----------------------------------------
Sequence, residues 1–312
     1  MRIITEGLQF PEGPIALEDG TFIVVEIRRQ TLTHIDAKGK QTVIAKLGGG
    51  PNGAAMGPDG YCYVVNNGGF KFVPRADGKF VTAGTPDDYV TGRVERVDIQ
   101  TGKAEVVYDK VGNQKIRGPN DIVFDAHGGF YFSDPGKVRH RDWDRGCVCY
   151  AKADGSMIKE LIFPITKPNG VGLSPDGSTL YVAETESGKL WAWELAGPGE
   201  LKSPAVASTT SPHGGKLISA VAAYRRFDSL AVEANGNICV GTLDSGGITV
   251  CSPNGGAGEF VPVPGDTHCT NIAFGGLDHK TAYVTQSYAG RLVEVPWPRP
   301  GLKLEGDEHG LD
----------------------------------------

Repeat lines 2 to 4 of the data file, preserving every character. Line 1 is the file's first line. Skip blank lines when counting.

     1  MRIITEGLQF PEGPIALEDG TFIVVEIRRQ TLTHIDAKGK QTVIAKLGGG
    51  PNGAAMGPDG YCYVVNNGGF KFVPRADGKF VTAGTPDDYV TGRVERVDIQ
   101  TGKAEVVYDK VGNQKIRGPN DIVFDAHGGF YFSDPGKVRH RDWDRGCVCY